mortgage

Does it pay to play by the rules?

"The reason to do the right thing is simply because it is the right thing to do," says Weinstein, author of "Life Principles: Feeling Good by Doing Good."

Weinstein -- a professional ethicist known by the moniker "The Ethics Guy" -- says individuals should not adjust their moral principles simply for financial gain.

"If it is wrong, for example, to run up a huge personal debt without having the means for paying it off, then it's still wrong even if 100 or 100,000 other people are doing it," he says.

As our parents tirelessly explained, moral rules exist for a reason.

"Imagine what our society would become if we created moral rules not on the basis of their inherent rightness or wrongness but by how a lot of people actually behave," he says. "By this line of reasoning, we would have to say that lying, cheating and stealing are ethically permissible or even laudable. This, of course, is ridiculous."

For her part, Day argues that bailouts don't reward irresponsible behavior as much as people think. A mortgage modification is nothing to covet, even for profit, she says.

“The reason to do the right thing is simply because it is the right thing to do.”

"It is no picnic to get in line to seek a loan modification," she says.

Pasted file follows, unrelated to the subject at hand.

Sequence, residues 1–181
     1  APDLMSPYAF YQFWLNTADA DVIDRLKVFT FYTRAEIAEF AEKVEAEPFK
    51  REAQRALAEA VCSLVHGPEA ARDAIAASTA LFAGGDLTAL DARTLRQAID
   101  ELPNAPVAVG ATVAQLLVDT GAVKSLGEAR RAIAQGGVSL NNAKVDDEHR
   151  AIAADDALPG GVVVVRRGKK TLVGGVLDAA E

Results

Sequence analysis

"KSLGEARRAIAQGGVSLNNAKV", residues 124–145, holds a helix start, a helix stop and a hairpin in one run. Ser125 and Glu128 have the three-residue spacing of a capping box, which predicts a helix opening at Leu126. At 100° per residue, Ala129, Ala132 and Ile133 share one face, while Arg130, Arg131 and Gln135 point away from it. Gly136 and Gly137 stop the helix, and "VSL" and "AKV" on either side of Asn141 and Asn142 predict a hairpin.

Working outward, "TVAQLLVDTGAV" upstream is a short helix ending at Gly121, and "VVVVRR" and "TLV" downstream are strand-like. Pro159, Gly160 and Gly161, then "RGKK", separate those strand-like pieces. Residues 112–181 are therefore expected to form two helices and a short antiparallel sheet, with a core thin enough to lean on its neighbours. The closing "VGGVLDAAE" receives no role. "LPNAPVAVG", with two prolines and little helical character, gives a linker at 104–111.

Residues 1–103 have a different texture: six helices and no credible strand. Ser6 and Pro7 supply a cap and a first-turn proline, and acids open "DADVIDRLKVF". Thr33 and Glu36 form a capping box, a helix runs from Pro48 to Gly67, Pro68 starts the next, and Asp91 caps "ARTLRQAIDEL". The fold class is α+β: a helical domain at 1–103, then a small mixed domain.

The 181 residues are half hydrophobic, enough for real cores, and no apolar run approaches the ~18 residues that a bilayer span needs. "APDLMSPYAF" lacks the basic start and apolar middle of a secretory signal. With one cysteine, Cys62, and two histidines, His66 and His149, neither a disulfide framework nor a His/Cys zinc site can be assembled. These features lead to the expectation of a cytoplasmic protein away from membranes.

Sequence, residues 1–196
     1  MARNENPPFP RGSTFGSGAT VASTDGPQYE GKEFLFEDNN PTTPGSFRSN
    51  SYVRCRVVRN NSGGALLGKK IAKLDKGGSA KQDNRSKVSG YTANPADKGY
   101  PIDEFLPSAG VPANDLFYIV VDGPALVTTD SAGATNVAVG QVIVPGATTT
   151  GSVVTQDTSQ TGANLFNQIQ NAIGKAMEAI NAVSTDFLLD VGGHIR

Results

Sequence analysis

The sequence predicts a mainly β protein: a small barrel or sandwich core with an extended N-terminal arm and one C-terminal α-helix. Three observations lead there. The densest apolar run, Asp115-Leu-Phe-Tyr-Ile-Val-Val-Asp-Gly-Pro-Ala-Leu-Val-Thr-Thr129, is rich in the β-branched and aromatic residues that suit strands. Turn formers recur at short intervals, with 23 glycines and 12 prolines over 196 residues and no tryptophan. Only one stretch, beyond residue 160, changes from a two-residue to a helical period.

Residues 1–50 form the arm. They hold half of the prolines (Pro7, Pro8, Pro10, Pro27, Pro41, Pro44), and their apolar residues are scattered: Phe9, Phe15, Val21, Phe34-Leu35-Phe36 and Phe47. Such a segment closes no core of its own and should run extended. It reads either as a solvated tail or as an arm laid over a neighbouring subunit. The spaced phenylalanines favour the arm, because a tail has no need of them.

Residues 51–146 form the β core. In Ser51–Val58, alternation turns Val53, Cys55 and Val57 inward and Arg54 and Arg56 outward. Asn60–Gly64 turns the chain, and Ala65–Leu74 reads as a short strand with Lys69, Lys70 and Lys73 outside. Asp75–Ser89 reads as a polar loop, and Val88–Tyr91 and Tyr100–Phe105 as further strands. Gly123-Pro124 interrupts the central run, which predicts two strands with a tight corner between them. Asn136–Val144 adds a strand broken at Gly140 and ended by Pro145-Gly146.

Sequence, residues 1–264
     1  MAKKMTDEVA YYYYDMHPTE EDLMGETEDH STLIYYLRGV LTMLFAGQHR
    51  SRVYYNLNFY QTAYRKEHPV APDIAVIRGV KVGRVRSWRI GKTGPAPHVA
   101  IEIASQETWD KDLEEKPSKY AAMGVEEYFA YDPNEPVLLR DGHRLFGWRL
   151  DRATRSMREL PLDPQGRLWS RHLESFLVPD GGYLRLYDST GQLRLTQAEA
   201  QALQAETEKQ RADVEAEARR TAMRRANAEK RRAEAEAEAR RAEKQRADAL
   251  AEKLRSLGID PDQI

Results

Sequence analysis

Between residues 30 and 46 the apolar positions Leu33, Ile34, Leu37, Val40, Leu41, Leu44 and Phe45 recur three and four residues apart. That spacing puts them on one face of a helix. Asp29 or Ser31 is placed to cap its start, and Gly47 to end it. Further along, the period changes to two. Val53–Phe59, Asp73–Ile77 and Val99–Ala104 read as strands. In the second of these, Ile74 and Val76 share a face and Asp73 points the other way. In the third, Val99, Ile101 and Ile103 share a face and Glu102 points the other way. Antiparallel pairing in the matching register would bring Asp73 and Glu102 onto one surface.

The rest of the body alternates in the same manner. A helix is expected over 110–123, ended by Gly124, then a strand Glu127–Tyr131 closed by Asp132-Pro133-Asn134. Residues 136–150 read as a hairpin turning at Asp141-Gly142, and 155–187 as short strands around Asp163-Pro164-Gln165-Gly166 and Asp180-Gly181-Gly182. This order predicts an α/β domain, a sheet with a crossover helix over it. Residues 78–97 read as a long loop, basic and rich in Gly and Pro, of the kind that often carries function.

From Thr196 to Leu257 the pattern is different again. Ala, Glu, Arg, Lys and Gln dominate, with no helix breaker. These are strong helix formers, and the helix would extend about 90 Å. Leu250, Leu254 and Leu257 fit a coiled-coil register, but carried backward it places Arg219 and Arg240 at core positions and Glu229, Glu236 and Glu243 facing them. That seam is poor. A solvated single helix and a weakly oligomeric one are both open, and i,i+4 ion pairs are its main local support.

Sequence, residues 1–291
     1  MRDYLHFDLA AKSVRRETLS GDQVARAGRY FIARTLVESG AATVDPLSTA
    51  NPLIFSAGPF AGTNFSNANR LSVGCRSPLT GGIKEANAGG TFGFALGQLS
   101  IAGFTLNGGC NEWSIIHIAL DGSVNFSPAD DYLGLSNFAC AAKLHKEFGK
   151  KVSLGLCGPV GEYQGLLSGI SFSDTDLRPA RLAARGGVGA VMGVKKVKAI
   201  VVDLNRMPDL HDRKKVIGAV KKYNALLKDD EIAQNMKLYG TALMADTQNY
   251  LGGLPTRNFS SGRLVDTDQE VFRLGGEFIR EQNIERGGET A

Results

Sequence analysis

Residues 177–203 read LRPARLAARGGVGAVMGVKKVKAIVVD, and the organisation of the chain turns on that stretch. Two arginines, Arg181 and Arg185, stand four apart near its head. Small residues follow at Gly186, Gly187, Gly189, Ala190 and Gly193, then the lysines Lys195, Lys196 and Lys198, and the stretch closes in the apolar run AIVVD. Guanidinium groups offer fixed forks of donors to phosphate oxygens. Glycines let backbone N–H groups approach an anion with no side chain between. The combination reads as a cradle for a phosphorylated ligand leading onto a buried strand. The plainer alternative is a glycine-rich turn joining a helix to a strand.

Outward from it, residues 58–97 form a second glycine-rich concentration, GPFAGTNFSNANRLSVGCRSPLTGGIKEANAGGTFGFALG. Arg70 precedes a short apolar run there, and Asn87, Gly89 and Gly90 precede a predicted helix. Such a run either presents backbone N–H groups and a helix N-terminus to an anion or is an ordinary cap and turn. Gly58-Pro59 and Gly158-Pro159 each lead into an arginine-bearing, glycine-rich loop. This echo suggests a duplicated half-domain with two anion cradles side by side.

Day insists that homeowners who receive a loan modification are "not being bailed out." Instead, they are receiving a new mortgage rate they can afford.

"They're not even going to be given the rate they should have been given; they're just going to be given rates they can afford, which may or may not still be more expensive than they should be," she says.

In addition, a mortgage modification comes with a heavy price for borrowers in that it is likely to hurt their credit, she says.

"You don't want to ruin your credit rating and then be subject to real loan sharks," Day says. "That is not a bargain."

However, Schiff insists the advent of Bailout Nation increases "moral hazard," the concept that ignoring -- or worse, bailing out -- bad behavior only serves to encourage it in the future.

That sends a dangerous signal to people who have played by the rules in the past, Schiff says.

"What the government is saying with the bailout is, 'be irresponsible, be reckless, and you'll get rewarded; be responsible, and you get punished because you'll have to pay for all the irresponsibility of everyone else,'" he says.

"You can't have a society like that. It won't work."

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